Whistling Dixie About the IRS Whistleblower Program Thanks to the IRC Confidentiality Restrictions
Michelle M. Kwon
Texas Tech University School of Law
February 20, 2010
Virginia Tax Review, Forthcoming
Texas Tech Law School Research Paper No. 2010-01
The Internal Revenue Service has been authorized for many years to pay awards to individuals who blow the whistle on those who do not pay their taxes. But the whistleblower program was underused and ineffective. In 2006, Congress modified the whistleblower program to boost the IRS’s authority to pay cash awards to tax whistleblowers. The premise of the article is that Congress did not go far enough in 2006 in light of the confidentiality restrictions in Internal Revenue Code Section 6103. As currently written, Section 6103 essentially prohibits the IRS from disclosing to the whistleblower tax information of the purportedly non-compliant taxpayer upon whom the whistle was blown, which creates at least three problems that the article addresses. The article examines the tension between the confidentiality provisions in Section 6103 and the IRS’s whistleblower program and attempts to balance the competing interests of taxpayer privacy and tax administration.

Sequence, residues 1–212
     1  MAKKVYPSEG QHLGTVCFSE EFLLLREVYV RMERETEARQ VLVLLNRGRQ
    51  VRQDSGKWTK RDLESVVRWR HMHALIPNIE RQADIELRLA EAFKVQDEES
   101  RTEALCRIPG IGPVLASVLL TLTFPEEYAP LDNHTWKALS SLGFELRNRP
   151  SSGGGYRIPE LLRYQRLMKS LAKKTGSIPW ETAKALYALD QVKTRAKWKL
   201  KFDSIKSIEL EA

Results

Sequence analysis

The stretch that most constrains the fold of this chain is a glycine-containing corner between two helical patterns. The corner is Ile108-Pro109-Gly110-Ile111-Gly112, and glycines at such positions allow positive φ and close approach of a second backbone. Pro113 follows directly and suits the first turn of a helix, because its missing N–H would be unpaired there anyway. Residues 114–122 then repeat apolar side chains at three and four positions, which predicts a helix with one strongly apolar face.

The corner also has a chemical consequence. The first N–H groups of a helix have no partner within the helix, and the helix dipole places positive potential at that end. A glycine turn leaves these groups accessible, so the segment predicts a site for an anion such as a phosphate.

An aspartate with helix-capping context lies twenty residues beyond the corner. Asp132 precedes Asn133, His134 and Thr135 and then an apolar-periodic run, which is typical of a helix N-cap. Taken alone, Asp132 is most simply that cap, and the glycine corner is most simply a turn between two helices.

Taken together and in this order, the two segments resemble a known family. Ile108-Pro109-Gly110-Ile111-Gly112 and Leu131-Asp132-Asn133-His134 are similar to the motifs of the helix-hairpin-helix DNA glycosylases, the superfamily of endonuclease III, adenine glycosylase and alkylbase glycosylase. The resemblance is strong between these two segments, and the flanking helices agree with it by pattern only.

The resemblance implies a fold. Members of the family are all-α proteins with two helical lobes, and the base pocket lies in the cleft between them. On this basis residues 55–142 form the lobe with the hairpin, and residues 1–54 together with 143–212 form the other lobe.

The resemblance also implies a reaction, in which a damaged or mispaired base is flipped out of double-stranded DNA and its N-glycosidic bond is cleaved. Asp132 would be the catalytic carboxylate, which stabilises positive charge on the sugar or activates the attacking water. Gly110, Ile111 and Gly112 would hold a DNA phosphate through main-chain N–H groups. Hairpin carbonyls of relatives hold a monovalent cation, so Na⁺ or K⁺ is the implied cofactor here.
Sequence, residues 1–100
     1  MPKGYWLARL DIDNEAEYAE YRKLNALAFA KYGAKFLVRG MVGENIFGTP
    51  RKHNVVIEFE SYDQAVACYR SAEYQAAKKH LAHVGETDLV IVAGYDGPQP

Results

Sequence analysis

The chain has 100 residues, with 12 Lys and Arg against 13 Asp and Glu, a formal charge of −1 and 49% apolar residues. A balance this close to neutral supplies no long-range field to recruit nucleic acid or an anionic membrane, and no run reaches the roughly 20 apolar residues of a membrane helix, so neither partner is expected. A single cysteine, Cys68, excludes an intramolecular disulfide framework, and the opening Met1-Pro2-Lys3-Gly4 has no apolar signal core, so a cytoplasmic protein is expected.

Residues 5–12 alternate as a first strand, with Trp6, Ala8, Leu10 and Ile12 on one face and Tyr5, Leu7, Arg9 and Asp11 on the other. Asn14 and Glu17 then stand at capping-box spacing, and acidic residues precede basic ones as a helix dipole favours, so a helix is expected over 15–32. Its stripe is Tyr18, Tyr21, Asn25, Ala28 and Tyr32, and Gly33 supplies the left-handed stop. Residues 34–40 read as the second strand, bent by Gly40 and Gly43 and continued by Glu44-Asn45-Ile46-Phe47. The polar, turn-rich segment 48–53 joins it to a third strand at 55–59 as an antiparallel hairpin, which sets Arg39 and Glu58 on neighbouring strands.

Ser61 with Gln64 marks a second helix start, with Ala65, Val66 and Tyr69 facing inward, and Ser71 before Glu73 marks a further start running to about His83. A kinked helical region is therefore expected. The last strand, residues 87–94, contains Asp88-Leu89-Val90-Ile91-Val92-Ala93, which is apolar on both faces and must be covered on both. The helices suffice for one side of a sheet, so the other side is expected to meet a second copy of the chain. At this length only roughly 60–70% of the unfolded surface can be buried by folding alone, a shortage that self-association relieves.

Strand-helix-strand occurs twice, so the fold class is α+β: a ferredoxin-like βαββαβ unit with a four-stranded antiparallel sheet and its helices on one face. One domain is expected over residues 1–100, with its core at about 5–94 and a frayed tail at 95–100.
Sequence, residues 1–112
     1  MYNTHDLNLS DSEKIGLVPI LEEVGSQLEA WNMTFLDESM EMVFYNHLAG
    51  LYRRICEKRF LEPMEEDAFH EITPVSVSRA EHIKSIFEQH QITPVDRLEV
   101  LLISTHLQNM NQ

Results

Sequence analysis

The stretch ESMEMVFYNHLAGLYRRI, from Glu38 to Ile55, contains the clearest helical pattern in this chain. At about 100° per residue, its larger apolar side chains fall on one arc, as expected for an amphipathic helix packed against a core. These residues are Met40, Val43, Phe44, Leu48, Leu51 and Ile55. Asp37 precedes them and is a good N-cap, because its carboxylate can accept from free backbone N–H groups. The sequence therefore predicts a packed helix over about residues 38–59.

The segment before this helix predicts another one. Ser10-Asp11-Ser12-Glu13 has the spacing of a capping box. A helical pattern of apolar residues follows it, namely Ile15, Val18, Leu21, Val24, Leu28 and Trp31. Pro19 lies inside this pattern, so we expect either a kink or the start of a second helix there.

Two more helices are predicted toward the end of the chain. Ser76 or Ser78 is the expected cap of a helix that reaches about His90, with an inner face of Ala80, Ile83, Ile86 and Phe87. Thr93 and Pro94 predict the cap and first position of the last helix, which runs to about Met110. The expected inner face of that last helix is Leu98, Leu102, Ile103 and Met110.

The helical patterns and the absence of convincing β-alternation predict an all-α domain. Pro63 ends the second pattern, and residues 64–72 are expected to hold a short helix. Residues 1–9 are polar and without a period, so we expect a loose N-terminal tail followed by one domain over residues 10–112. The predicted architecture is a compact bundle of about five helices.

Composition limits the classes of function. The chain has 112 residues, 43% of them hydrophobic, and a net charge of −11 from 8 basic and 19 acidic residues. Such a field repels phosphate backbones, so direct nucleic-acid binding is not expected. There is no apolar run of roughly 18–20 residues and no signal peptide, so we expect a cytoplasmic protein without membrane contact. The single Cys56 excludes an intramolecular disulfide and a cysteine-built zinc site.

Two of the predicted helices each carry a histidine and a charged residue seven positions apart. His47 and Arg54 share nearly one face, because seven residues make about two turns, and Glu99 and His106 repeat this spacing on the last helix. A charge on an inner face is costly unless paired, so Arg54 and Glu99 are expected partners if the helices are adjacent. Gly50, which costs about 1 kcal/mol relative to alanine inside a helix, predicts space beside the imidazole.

Number of Pages in PDF File: 65
Keywords: Whistleblower, IRC 6103, Internal Revenue Service, Taxpayer, Tax Administration
JEL Classification: K34Accepted Paper Series
Date posted: February 21, 2010
© 2014 Social Science Electronic Publishing, Inc. All Rights Reserved.
This page was processed by apollo7 in 0.234 seconds